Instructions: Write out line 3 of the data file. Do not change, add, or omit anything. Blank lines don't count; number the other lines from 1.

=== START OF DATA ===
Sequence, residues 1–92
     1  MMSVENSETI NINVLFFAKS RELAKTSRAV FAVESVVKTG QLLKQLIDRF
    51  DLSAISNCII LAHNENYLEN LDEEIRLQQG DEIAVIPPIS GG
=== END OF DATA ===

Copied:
    51  DLSAISNCII LAHNENYLEN LDEEIRLQQG DEIAVIPPIS GG